Born of a sleepy mountain town in British Columbia and built in equal parts by Scotland, New Brunswick, Nova Scotia, Ontario, and the Yukon, Pat LePoidevin is a songwriter strongly influenced by community. With an extensive songwriting resume and four albums to his name, LePoidevin has built a sizable fan base on relentless touring and standout performances at some of Canada’s most prestigious music festivals, including the Dawson City Music Festival and SappyFest. On stage, LePoidevin is like a warm light filtering through cold windows to frozen streets. His powerful, melodic vocals bring life to his songs. With friends and fans across the country, LePoidevin is at home wherever he is playing.
LePoidevin’s latest undertaking is focused largely on community and identity. The son of an American-born artist, LePoidevin has held dual citizenship since birth, yet has never felt different from any other Canadian boy, spending his childhood playing hockey and eating hot pockets. American Fiction marks a turn for LePoidevin. In search of his half-American identity, LePoidevin teamed up with his best friend from childhood and fellow Patrick Roy enthusiast Lewis Smith. Together, they wrote about ten small American towns, drawing inspiration from their own experiences in rural Canada. Accompanying the songs is a book of short stories written by Smith.
American Fiction is a heartfelt tribute to family, youth, and recurrence. Crafted over a winter spent along the Nova Scotia coastline, LePoidevin’s latest effort swells with the presence and confidence of a songwriter truly coming into his own.
The album plays out like a series of intercepted love letters, with familiar themes and unknown postmarks. Stories of family, love, and warmth, beat and pulse and grow to dark barrel-chested entities, with full lives in the vast unvisited America. By his own admission, these are untrue stories, but with every breath, LePoidevin creates truth and life from nothing. An American Fiction in name only, this album births a beautiful and real world, with baseball games, jean jackets and above all, full hearts.
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Who's Saying What...
Possibly the most powerful male singer-songwriter signed up to Searchlight this year. This guy has LUNGS. And LYRICS. For fans of Dan Mangan, Patrick Watson, and Bon Iver.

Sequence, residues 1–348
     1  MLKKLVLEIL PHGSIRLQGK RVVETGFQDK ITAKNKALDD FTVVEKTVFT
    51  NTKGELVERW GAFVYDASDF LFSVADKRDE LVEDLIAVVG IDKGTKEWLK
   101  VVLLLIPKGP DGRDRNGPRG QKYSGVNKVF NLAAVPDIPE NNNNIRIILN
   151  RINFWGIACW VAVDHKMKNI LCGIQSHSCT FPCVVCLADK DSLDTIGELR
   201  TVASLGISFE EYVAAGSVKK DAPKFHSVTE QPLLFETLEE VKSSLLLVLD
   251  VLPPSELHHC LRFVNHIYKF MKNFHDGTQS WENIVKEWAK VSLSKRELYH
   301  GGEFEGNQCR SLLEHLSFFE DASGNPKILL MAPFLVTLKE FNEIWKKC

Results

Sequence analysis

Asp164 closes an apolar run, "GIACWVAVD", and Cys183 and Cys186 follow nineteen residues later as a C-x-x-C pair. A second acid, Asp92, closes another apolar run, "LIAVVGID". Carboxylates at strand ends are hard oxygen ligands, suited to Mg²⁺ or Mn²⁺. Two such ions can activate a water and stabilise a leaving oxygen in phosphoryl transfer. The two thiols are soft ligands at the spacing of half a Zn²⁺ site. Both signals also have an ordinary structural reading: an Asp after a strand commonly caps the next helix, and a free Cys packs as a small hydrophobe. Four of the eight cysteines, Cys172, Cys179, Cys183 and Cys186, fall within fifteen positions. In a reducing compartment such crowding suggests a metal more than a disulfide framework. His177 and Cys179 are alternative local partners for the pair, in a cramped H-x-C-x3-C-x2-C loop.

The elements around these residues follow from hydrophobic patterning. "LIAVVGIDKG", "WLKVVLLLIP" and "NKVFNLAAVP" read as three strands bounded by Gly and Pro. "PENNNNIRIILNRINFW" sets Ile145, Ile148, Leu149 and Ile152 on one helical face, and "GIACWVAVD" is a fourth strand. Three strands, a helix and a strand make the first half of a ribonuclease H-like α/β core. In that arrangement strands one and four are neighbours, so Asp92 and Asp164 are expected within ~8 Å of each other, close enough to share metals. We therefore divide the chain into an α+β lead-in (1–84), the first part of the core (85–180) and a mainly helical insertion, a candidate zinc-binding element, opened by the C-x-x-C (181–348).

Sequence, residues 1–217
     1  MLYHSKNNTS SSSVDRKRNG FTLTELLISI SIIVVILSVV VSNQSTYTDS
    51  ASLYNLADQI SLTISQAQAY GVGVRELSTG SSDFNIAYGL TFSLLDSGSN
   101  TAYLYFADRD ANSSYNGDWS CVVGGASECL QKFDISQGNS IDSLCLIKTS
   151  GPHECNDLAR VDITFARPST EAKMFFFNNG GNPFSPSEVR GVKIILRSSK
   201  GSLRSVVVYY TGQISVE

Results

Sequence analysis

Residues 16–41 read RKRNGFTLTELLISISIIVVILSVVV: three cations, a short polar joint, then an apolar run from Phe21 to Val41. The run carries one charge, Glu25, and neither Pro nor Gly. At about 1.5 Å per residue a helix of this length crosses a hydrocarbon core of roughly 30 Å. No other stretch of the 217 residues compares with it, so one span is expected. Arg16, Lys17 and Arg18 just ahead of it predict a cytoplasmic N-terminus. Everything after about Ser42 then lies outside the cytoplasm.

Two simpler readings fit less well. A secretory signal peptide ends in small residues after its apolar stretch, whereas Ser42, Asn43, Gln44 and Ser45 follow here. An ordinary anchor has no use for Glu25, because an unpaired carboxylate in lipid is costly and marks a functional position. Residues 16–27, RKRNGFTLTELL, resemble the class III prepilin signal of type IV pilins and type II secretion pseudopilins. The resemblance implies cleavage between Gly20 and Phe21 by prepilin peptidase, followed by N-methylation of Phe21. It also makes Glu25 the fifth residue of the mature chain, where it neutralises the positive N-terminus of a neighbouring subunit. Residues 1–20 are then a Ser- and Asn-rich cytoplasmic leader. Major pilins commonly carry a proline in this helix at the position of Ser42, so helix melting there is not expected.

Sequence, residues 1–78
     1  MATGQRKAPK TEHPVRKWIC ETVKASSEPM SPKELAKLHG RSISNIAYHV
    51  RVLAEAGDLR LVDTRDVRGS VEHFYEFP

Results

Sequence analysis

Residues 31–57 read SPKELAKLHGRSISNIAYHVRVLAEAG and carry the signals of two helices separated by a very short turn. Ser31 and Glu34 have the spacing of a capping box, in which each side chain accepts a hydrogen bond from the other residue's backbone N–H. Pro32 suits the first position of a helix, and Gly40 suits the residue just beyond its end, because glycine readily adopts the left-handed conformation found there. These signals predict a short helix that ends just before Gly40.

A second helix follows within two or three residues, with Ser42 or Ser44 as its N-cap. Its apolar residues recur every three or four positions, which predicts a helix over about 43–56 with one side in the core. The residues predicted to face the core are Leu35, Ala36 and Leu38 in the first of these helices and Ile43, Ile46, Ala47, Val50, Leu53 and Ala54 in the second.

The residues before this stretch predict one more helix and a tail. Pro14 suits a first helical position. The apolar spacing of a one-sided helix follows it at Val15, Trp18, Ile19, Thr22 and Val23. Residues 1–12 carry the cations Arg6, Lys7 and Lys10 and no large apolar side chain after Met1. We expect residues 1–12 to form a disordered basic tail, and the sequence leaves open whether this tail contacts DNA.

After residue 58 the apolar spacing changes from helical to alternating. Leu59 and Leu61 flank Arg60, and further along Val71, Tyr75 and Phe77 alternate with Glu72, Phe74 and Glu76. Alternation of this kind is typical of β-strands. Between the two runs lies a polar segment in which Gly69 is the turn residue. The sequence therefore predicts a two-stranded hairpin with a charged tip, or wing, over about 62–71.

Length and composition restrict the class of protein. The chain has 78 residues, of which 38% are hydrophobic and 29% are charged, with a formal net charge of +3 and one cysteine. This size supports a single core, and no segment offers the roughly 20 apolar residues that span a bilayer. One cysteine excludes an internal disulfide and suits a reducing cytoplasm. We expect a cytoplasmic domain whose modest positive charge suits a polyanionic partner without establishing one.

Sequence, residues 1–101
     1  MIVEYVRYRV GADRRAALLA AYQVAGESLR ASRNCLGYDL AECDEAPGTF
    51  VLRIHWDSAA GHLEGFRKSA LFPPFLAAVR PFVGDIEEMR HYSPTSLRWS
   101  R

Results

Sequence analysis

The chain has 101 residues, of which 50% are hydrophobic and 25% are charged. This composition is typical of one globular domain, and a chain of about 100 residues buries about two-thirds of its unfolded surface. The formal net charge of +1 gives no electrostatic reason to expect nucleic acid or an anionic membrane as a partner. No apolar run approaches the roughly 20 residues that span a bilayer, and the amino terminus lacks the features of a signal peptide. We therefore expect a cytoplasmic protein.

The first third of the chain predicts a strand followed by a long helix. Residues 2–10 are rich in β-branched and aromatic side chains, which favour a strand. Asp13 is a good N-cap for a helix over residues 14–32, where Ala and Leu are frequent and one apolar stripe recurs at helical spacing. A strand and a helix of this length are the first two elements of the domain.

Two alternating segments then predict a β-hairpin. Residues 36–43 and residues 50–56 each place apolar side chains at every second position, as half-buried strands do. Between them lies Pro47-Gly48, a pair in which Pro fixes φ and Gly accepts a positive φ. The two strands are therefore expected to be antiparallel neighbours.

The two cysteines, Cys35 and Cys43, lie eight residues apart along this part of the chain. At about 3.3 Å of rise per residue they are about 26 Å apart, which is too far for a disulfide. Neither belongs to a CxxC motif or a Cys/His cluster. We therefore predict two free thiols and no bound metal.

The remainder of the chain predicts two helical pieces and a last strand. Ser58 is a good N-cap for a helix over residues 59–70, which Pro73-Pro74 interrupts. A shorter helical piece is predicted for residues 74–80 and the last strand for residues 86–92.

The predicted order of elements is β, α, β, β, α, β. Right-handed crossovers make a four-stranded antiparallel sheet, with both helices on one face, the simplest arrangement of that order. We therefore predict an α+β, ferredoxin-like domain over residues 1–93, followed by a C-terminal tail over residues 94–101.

- Grant Lawrence, CBC Music
Loop pedals, guitars, a violinist and a couple of horn players lend the album a miniature indie folk-rock orchestra vibe that’s very pretty but most effective when the band eases up a bit before going full throttle. At its best, the record immerses you in its nostalgia and makes you believe its fictions are real.
- Sarah Greene, NOW Toronto
It's all heart, built on acoustic guitar, with subtle adornments throughout, from muted horns to airy strings to well-deployed percussion, everything there to add a little more emotion or drama.
- Bob Mersereau, CBC
"American Fiction" is an album to savour and to sink into. There are some sublime musical moments and each play reveals more to the listener.
- Paul Kerr, Americana UK
I'd listen to just about anything LePoidevin put his name to, but an album this ambitious is especially satisfying.
- Lindsay Bird, The Coast Halifax
American Fiction is the kind of record that creeps on you subtly but powerfully; you can’t help but be drawn in.
- Ken Kelley, HERE Weekly NB
LePoidevin is winning over fans with his earnest voice and lyricism, for sure, but he's all the more intriguing for his composition with a loop pedal that captures his acoustic instruments one layer at a time.
- Vish Khanna, Exclaim!
Through his life, character and music, LePoidevin shows us, more than tells us, how to find strength forging our own path, singing our wounds to sleep and finding comfort in loving what we once feared.
- Nereida Fernandes, Exclaim!
If you're in the mood for the kind of melancholy that comes with long nights and cold mornings, you could easily do worse-the introspection and picture painting on moon wolves is top-notch storytelling.
- Bryan Birtles, VUE Weekly
At the Gazebo, Pat LePoidevin is spooling loops of guitar and fiddle. There is something of a rapids in the way he sings: his convictions do not slow him.
-DCMF Listener, Dawson City Music Festival
Like his indie-folk songs, Pat LePoidevin is unique. This isn’t a disparaging comment meant to relegate him to the type of musician who can never play outside a coffee shop; rather it is a compliment on both his music and personality.
-Spencer Brown, BEATROUTE
The most captivating moments are when it is just LePoidevin and his ukulele, and watching him gradually build a layered backtrack with a loop pedal. The beautiful song "You Know Your War," displays LePoidevin’s talent for effectively looping his vocals, into an ethereal and dreamy three-part vocal harmony.
- Angela Yen, UBC Discorder
A big boyish-looking friendly guy, quiet, coming off as humbly thankful in the best possible way, Pat's powerful voice and passionately heart-hitting lyrics gently shock and awe any enthusiastic listener into a genuine kind of man-I-gotta-get-this-guy's- album feeling.
- Ryan Ringer, Broken Pencil Magazine